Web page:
The above inabilities of the current monitoring frameworks highlight the need for introducing a cross-layer monitoring framework which is able to measure metrics over different levels as well as cover measurability gaps by being able to address the measurement of any kind of metric. Such a framework should also rely on a flexible and complete high-level description of a metric which is independent from any technical specificities.


FORTH and University of ULM (UULM) have developed two separate monitoring frameworks that cover different levels of abstraction. The monitoring framework of FORTH covers mainly the workflow and service level, while the monitoring framework of UULM covers mainly the infrastructure and platform levels. As such, it is apparent that the integration of these frameworks can result in the production of a synergic framework able to cover the measurement of metrics at all possible levels. To this end, such a synergic framework has been designed and is currently developed, able to capitalize over the individual capabilities of the aforementioned monitoring frameworks. Each individual framework is seen as a service which offers monitoring and (SLO) evaluation capabilities. The cross-layer aggregation of metric measurements between the two individual frameworks is facilitated by a publish-subscribe mechanism: this means that one framework subscribes to those lower-level measurements that are needed in order to aggregate a measurement for a higher-level under its responsibility. The combined framework also offers another publish-subscribe mechanism to enable interested components, like an Adaptation Engine, to retrieve the SLO evaluations produced and enact, in this case, respective adaptation actions.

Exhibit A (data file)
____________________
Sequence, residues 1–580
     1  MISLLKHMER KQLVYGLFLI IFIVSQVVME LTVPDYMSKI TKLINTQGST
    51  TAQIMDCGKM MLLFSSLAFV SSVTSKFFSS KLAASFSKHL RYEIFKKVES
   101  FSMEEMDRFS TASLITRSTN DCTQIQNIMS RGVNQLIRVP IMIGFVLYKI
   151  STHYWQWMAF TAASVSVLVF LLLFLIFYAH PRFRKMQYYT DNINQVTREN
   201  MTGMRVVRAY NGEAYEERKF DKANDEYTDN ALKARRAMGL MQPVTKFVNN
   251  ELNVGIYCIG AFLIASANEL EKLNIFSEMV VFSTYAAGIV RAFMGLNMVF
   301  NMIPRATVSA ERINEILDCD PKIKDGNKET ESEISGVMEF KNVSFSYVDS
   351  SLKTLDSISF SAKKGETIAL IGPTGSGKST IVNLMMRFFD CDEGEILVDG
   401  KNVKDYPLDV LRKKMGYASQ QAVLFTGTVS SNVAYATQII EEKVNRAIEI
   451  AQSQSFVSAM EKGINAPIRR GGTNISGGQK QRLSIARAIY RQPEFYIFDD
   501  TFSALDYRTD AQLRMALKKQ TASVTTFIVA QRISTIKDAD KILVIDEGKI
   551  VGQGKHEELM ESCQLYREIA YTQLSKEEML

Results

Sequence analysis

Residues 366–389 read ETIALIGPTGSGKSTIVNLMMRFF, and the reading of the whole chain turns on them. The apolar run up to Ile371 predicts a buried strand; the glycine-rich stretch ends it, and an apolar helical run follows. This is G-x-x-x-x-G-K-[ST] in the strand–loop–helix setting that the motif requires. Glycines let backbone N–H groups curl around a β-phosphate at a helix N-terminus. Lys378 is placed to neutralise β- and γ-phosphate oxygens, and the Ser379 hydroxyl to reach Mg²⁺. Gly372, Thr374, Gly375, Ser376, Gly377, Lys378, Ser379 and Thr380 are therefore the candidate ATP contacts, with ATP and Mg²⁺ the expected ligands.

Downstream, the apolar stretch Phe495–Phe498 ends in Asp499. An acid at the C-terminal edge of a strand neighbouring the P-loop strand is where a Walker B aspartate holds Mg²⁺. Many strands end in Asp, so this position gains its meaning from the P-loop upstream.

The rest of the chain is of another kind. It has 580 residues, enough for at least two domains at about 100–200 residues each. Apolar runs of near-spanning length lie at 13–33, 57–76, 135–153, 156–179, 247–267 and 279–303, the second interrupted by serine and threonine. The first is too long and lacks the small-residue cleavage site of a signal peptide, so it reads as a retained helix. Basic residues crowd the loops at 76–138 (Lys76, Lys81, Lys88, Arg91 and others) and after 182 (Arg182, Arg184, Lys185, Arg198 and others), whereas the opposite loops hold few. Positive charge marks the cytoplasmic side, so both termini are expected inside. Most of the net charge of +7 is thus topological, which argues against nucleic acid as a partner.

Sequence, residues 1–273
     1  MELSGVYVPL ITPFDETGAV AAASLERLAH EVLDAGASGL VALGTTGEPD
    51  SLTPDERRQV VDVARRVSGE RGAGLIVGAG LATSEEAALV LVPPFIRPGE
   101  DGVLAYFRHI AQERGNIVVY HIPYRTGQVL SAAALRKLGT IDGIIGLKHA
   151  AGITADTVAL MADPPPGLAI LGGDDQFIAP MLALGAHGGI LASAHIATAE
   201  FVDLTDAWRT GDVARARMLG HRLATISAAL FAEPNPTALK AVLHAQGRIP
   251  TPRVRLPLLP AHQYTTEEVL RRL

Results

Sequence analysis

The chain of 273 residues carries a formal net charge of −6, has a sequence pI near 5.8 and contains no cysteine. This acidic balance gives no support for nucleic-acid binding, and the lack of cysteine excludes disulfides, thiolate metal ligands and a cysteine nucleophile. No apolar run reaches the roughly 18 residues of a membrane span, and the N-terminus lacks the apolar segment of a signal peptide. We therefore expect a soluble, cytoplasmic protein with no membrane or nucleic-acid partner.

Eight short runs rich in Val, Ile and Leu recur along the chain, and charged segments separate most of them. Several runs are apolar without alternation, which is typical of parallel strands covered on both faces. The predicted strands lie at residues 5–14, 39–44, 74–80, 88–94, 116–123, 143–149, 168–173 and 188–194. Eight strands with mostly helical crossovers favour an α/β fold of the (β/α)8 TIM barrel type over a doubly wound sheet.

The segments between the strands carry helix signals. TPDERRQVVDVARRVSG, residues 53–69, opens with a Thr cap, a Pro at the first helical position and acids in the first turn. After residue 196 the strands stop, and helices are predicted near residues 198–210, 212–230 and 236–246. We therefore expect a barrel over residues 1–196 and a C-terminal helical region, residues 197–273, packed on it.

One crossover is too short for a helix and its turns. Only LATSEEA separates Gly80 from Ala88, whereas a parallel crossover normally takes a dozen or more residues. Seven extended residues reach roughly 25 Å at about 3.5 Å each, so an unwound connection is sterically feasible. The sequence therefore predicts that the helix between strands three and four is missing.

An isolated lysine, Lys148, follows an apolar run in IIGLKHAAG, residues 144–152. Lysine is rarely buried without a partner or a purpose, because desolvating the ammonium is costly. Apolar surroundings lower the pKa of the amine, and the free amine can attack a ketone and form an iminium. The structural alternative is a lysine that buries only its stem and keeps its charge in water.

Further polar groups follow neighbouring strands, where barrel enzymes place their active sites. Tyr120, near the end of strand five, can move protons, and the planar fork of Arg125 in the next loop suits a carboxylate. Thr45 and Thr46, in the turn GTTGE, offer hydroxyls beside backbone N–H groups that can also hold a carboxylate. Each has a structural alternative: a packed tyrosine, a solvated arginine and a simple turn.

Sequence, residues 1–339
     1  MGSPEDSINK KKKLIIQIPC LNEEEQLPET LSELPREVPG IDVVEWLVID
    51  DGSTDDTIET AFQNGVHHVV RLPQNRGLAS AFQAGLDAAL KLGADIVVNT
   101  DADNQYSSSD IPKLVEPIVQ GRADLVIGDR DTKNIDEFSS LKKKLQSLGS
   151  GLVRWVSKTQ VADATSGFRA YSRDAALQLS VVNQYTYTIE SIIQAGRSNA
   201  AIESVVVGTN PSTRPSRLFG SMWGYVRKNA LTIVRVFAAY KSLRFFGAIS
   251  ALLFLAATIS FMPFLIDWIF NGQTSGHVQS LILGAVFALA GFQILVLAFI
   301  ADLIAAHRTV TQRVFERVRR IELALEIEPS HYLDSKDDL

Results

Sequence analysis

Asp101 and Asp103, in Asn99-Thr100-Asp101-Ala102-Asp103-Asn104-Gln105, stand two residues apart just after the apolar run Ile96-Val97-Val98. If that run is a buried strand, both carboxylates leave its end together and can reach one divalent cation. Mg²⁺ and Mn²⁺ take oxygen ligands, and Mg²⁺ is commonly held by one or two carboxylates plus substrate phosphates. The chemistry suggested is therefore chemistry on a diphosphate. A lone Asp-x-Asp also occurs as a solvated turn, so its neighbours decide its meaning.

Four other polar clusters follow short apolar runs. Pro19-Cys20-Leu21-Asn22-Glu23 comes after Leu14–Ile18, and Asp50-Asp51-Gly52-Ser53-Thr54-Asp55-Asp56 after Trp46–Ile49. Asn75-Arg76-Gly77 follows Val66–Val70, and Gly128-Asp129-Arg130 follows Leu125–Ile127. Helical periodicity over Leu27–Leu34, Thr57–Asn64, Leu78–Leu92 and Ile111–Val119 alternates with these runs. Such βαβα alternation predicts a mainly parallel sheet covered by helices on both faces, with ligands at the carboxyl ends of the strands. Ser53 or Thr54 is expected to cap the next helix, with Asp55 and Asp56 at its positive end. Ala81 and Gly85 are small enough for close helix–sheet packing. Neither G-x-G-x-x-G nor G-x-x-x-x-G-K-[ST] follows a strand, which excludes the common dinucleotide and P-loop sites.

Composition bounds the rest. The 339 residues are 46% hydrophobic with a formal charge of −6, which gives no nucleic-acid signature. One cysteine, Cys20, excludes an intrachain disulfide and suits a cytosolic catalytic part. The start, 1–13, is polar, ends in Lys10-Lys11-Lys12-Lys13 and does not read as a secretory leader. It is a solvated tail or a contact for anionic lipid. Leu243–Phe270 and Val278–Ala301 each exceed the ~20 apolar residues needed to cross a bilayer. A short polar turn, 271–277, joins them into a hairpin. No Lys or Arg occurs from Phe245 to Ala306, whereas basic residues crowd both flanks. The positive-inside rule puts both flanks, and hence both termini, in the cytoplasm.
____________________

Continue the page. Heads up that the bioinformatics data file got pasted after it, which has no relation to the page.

Other interesting features of the combined framework which map to common features of the individual frameworks are the following: recovery capability in case a monitoring component fails, data redundancy to avoid important monitoring data loss as well as capability to monitor both domain-independent and domain-specific metrics.